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Hoover Wilderness, California

Lay claim to your own California mountain valley and bask in utter solitude.

Little Known Fact: Around August 12, the annual Perseid Meteor Shower lights up the night sky in Bridgeport Valley in the Hoover Wilderness.

To find California’s steep and narrow Hoover Wilderness, look along the eastern Sierra escarpment that plunges from the alpine heights of Yosemite’s North Boundary region to the Great Basin desert. There you’ll find the home of what photographer Galen Rowell says are the world’s most beautiful mountains. After a day on the trail, I’d have to concur; the play of atmosphere and light swirling around the jagged spires is unsurpassed.

We pitched camp at Barney Lake, whose south end is a marshy delta that’s threatening to overtake the lake with woody debris. The situation is being helped along by the logging practices of beavers, who entertained us that evening with willow-branch-pulling exercises across the water.

The next morning, after breakfast and a liberal dose of mountain coffee, we continued hiking up, alternately trading cool forest shade along the stream with baking sun on barren switchbacks. We bore right at the Crown Lake Trail junction and topped out at Peeler Lake. At some vantage points along the trail we gazed east into the mysterious hazy recesses of the Great Basin, where row after row of north-to-south mountain ranges rumple the landscape all the way across Nevada.

Peeler Lake straddles the apex of the Sierra crest. The 60-acre, deep-blue pool is ringed with a rocky shoreline, the towering hulk of Crown Point looming overhead. Trout fishing can be good for those with the finesse and patience to coax the brookies and rainbows up, but we decided to push on after a relaxing lounge and lunch.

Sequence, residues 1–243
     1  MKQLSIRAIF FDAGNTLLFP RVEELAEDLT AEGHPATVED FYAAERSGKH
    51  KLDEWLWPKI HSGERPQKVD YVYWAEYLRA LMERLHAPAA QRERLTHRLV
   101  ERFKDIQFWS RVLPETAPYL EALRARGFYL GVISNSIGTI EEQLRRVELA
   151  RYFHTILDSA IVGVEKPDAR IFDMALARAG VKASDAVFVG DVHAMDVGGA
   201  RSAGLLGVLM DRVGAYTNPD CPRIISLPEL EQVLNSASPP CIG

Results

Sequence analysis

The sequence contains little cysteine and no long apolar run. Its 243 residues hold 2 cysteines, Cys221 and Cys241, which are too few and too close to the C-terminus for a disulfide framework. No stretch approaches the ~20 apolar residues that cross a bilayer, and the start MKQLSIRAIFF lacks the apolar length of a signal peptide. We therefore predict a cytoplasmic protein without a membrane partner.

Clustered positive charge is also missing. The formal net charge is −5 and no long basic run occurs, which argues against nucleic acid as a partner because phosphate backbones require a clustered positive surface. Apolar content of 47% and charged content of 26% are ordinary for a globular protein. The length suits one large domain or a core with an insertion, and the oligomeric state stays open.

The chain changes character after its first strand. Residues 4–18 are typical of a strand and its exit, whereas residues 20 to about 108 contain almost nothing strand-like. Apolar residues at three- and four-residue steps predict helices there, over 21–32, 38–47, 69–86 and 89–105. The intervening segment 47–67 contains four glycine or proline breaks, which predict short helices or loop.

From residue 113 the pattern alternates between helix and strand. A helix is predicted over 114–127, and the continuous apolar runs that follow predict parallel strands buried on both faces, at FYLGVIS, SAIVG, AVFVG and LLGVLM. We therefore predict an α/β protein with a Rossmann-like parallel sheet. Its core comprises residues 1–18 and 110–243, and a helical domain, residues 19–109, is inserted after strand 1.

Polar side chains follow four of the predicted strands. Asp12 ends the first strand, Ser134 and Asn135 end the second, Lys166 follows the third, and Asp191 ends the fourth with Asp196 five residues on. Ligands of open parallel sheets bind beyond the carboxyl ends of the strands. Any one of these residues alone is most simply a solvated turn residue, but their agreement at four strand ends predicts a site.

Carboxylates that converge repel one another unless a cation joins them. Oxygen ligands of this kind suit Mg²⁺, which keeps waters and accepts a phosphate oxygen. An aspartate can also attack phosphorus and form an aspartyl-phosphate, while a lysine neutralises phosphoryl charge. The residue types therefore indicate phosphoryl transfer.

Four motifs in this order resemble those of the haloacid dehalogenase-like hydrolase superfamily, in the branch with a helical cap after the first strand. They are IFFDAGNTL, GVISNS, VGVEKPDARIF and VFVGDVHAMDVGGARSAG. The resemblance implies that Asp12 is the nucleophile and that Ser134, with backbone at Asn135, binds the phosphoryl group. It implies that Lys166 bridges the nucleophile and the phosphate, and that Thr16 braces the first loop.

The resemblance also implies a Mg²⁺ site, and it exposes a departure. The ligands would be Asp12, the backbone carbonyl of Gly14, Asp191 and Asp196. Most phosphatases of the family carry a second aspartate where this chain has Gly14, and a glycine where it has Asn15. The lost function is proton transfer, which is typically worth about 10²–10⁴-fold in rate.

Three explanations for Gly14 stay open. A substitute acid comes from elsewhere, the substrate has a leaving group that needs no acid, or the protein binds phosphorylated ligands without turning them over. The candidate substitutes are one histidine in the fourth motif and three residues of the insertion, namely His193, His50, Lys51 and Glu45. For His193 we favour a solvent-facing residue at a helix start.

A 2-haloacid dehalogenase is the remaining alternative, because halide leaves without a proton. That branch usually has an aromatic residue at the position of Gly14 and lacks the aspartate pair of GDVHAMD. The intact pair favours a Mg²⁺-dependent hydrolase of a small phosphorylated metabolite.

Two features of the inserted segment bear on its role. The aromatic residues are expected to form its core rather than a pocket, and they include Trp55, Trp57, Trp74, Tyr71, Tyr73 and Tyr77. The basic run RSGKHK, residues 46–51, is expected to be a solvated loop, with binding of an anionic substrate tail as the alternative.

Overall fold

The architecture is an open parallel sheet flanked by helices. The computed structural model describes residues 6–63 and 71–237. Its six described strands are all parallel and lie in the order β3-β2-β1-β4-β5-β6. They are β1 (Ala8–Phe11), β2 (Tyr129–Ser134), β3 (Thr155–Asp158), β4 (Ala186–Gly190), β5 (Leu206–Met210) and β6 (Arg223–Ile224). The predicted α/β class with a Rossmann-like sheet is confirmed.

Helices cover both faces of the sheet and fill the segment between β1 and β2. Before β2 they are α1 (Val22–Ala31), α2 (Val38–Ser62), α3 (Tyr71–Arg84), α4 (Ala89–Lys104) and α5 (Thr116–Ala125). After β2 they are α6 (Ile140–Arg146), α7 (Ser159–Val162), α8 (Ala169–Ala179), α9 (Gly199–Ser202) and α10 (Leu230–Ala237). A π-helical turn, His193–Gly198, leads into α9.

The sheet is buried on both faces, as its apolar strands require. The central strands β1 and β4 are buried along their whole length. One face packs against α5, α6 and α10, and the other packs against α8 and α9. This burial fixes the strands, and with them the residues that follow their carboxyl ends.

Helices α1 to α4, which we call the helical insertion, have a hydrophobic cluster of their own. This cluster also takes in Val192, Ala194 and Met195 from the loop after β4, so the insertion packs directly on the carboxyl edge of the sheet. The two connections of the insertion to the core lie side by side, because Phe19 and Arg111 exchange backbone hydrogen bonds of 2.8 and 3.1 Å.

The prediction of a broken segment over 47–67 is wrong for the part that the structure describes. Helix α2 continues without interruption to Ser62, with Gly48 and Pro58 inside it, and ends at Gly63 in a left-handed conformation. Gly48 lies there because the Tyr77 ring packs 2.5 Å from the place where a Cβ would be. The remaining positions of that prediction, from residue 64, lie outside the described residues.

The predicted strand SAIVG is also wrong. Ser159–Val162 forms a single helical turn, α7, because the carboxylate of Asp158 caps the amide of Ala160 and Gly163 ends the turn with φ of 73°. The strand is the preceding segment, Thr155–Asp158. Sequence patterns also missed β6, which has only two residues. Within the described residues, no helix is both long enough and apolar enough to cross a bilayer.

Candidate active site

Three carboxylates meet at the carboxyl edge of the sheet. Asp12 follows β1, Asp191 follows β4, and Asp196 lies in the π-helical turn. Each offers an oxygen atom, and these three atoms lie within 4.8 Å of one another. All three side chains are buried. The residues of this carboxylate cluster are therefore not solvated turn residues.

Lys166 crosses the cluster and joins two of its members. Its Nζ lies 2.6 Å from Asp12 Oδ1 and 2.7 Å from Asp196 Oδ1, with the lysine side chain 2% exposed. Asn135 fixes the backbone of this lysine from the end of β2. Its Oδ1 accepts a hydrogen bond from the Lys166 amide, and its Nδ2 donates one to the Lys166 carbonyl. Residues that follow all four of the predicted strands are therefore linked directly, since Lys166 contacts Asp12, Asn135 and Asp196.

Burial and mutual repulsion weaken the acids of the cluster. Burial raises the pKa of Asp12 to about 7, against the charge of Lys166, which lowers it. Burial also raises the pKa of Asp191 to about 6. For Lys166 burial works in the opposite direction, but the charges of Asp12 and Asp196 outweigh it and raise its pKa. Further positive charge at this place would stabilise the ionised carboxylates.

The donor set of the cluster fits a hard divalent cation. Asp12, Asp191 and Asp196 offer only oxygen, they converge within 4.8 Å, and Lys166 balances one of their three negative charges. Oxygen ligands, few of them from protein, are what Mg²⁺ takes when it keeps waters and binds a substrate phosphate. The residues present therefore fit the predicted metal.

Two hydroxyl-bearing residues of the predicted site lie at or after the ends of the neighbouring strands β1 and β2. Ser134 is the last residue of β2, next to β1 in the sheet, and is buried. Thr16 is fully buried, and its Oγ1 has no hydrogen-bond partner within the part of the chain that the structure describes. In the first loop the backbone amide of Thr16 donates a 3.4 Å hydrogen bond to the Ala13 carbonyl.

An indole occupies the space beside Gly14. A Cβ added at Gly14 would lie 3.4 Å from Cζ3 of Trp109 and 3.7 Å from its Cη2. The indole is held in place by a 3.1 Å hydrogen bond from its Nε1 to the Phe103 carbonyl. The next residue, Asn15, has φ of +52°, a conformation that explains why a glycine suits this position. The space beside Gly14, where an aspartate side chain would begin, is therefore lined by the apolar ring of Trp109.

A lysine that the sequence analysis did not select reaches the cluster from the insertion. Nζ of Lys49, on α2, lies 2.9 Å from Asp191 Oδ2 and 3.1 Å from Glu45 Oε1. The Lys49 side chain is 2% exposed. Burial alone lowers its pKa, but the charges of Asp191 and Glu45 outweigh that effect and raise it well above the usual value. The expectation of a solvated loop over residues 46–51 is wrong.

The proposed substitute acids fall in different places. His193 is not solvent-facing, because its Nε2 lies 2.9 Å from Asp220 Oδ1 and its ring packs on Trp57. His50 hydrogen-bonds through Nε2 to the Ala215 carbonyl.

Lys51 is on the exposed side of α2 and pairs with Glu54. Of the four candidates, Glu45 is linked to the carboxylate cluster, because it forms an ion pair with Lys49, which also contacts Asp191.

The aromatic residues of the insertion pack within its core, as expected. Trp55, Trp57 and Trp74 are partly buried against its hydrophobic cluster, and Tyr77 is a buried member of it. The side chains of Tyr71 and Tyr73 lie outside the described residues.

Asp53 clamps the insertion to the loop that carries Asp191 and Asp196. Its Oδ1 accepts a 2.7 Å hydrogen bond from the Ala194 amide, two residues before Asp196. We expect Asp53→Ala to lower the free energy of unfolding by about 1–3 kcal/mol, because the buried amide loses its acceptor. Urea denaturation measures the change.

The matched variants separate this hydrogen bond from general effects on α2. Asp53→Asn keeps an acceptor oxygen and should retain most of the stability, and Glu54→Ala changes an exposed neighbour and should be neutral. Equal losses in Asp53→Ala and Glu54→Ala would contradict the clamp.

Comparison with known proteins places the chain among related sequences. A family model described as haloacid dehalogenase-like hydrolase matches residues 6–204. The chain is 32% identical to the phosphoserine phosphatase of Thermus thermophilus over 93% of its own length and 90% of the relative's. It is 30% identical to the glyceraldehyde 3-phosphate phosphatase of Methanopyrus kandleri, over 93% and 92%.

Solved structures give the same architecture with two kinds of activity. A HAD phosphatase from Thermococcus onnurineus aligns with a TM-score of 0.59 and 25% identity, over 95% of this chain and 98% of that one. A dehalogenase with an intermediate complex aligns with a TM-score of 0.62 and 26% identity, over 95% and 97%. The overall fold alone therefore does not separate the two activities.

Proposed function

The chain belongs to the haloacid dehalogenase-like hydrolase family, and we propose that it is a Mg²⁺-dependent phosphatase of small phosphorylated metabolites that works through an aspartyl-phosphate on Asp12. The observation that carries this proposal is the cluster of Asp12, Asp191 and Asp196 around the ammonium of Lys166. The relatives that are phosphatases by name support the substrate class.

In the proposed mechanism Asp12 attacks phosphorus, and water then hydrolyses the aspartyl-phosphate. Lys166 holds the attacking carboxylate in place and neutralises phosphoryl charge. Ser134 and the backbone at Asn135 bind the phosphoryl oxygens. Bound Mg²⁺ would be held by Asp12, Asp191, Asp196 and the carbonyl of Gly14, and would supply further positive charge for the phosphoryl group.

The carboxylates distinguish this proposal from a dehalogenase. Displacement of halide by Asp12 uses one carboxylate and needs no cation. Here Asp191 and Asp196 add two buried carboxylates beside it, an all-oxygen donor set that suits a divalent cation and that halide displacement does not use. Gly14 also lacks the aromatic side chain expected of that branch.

Past Peeler, the path meanders down Rancheria Creek to the flowered grassland of Yosemite’s Kerrick Meadow. The sound of falling water lured us off trail, and considering our grubby condition, no discussion was required; packs and clothes were dropped, and we splashed off for a natural shower. Just the right amount of water fell from the perfect height into a sandy pool with no rocks. Nirvana.

On down Rancheria Creek we camped at the edge of a meadow with a commanding view. The valley was ours and solitude prevailed. Come evening, the “Range of Light” did its thing, painting alpenglow on the ridges and setting the cumulus billows floating overhead on fire. A full moon spread its cold light over our valley and turned the stream into a shimmering silver ribbon.

We grunted back into the Hoover via Rock Island Pass. From our viewpoint on the saddle between summits, the Sawtooth Ridge jutting up behind Snow Lake filled the eastern horizon. With Snow Lake in the background, we zigzagged down a rocky canyon and crisscrossed a stream choked with bank-hugging, water-loving wildflowers. Past the junction to Burro Pass and Matterhorn Peak, we dropped into the Crown Lake bowl.

Crown Lake’s setting and beauty border on alpine cliche. Glacier-carved granite rises from water’s edge on three sides, and greenery fills the canyon corridor. We spent our afternoon huddled in camp apprehensively watching thunderheads build, then pound, the Sierra crest.

The hike home took us down through hemlock and pine clinging to glacially polished granite. The trail splits the two shallow Robinson Lakes, passes Barney Lake, travels down the riparian canyon of Robinson Creek through stands of thirsty aspen and cottonwood, and eventually ends at the western shore of Twin Lakes.

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